It's Getting Cheaper To Rent A Home In Sydney

Image: Suppled

Despite strong levels of population growth, Sydney rental vacancy rates have lifted to the highest level in 13 years. This increase in supply has placed downside pressure on rents - which makes now a good time to move to a new rental property.

Sydney home prices have fallen by 4.9% over the past year, according to latest data from CoreLogic, succumbing to a combination of tighter lending standards, reduced activity from local and offshore investors, higher listings levels and deteriorating sentiment towards the outlook for prices.

From being the hottest capital market for several years, Sydney is now one of the coldest, only outpaced by Darwin in terms of price declines over the past year.

Sydney's unprecedented home building boom has been another factor that has contributed to recent price declines with 63,779 new dwellings built in New South Wales in the year to March, according to the ABS, just shy of the record levels seen early last year and more than double the number regularly built earlier this the decade.

The vast majority of this new housing supply occurred in Sydney.

With demand softer than what it once was, this increase in supply clearly had a pronounced impact on prices, along with new housing sales.

Rental rates could be next.

Even with the estimated resident population in New South Wales increasing by 116,800 in 2017, according to the ABS, such has been the scale of Sydney's building boom been, rental vacancy rates in Sydney are now starting to trend higher, bucking the trend seen in most other capital cities at present.

This excellent chart from property guru Pete Wargent, shows the gradual lift in Sydney vacancy rates based off data released by SQM Research today.

According to SQM Research's vacancy report for June, Sydney's vacancy rate stood at 2.8%, the highest level in 13 years.

While still below the levels seen in most other Australian capitals, Sydney's vacancy rates is nearly one full percentage point higher than the levels of a year ago.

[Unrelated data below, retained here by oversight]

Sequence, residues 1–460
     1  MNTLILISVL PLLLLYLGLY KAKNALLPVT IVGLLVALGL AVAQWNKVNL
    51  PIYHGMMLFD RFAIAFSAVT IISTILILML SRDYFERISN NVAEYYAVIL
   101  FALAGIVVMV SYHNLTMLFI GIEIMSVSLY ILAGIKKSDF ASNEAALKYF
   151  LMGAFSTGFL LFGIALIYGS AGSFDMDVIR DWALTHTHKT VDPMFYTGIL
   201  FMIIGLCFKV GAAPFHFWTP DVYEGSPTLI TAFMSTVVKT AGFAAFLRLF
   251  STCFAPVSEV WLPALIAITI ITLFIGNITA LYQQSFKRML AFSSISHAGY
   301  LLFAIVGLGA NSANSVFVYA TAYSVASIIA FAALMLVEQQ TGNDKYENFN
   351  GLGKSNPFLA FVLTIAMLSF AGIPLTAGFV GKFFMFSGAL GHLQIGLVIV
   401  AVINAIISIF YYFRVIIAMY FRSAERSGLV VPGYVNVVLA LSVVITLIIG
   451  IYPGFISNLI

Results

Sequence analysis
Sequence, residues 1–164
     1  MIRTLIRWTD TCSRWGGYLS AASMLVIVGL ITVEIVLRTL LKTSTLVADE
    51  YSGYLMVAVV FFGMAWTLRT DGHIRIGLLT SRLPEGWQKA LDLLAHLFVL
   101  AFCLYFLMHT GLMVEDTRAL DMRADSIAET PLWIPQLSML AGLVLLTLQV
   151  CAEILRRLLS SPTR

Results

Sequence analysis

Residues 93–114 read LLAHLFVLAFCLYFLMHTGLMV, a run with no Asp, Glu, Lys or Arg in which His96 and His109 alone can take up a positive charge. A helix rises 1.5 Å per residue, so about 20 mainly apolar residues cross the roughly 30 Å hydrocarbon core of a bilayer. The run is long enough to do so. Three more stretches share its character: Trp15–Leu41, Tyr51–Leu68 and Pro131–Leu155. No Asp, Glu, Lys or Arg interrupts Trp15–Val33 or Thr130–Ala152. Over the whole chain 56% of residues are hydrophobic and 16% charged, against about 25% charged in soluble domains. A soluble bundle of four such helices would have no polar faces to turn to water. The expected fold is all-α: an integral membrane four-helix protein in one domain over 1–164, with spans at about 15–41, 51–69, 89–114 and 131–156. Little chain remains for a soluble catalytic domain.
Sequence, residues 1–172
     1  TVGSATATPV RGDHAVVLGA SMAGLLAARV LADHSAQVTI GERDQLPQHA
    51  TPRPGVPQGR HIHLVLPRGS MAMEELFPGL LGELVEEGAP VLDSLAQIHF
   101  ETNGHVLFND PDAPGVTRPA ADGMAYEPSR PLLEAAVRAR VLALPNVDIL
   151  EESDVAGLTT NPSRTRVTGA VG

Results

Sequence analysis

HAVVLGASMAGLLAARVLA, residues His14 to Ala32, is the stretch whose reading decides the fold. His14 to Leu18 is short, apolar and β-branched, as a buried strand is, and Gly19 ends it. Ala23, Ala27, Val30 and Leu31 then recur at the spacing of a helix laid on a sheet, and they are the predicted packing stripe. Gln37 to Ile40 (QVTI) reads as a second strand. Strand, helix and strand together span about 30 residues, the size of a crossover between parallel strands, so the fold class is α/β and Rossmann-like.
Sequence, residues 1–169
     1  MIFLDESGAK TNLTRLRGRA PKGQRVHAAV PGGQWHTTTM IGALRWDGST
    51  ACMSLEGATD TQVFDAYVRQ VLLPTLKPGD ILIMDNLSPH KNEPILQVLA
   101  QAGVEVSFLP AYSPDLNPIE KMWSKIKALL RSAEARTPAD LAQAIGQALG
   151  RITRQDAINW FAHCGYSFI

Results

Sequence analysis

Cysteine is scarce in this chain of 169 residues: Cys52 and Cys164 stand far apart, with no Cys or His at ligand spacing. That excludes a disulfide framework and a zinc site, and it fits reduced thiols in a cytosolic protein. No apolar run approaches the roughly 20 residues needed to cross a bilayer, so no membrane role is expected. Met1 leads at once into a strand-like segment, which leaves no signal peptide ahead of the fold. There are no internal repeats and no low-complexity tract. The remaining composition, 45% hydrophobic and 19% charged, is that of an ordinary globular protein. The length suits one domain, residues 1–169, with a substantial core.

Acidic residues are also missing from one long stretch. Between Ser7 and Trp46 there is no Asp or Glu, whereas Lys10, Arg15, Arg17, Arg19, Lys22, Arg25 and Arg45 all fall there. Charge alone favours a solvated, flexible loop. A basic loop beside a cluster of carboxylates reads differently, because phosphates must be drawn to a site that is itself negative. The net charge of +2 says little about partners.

"There is now a greater supply of rental accommodation at a time when the growth in rental demand is probably falling a little," Louis Christopher, SQM managing director, told the Australian Financial Review.

"I think this is the only time in my career that I can say with certainty that Sydney is now a buyer's and a renter's market, simultaneously."

According to the report, the Hills District, Kellyville and Box Hill in Sydney's northwest — where new housing supply has been particularly strong — have vacancy rates of 4.9%, 7.1% and 6.9% respectively, above the city-wide average.

Even vacancy rates in the lower north shore and eastern suburbs, popular with professionals working in Sydney's CBD, also sit above the city average at 4.1% and 3.1% respectively.

"The Hills District is clearly supply-driven. But the lower North Shore and the East are demand-driven. And for some reason, it is getting worse," Christopher said.

Given recent trends, and like home prices, Christopher says weekly rental rates, already falling for houses and apartments in Sydney based on SQM data, could fall even further in the quarters ahead.

"Sydney rents are now down for the year and it is likely rents will continue to slip as there is still a lot of supply coming in the pipeline," he says.

"I believe Sydney will shortly record a fall in its population growth rate due to a relatively-recent steep rise in interstate migration towards Queensland."

If you're in the market for a new rental property, or approaching the end of your existing lease, be sure to remind your real estate agent about the recent trends.

In a city like Sydney, home to the highest median rental rates across the country, it could save you a pretty penny.

There's more at the AFR here. You can follow Pete Wargent on Twitter here. If you'd like more granular detail on rental rates and vacancy levels across Sydney or any of Australia's remaining capitals, SQM Research has the answers here.


Comments

Be the first to comment on this story!

Trending Stories Right Now